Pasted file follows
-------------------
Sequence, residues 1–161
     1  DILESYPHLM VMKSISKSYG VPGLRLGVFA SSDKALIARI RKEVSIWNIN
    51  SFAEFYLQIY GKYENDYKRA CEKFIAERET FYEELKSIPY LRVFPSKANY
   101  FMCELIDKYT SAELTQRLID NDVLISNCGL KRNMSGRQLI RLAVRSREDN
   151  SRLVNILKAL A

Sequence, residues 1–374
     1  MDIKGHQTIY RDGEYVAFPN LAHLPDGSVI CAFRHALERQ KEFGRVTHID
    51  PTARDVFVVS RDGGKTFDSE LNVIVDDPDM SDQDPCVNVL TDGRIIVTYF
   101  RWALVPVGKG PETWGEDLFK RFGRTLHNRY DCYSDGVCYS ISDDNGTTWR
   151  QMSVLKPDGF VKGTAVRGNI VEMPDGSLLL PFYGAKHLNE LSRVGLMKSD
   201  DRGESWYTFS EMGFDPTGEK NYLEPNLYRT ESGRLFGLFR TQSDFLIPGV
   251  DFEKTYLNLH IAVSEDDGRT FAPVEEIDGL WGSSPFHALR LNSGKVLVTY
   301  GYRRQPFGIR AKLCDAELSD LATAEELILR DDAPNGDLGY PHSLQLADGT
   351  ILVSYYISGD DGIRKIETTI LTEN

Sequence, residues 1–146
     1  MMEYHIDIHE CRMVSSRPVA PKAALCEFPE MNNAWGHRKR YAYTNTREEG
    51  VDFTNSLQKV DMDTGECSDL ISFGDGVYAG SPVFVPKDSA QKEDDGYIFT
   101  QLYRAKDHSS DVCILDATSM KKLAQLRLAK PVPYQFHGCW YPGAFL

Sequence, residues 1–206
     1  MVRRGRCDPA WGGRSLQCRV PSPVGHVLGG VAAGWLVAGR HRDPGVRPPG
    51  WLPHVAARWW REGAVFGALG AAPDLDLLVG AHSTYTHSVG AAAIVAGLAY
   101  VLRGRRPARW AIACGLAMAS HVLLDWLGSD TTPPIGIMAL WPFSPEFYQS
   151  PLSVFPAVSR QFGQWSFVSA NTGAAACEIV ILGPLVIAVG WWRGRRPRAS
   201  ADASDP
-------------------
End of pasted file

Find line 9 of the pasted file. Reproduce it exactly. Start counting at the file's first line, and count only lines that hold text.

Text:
   101  RWALVPVGKG PETWGEDLFK RFGRTLHNRY DCYSDGVCYS ISDDNGTTWR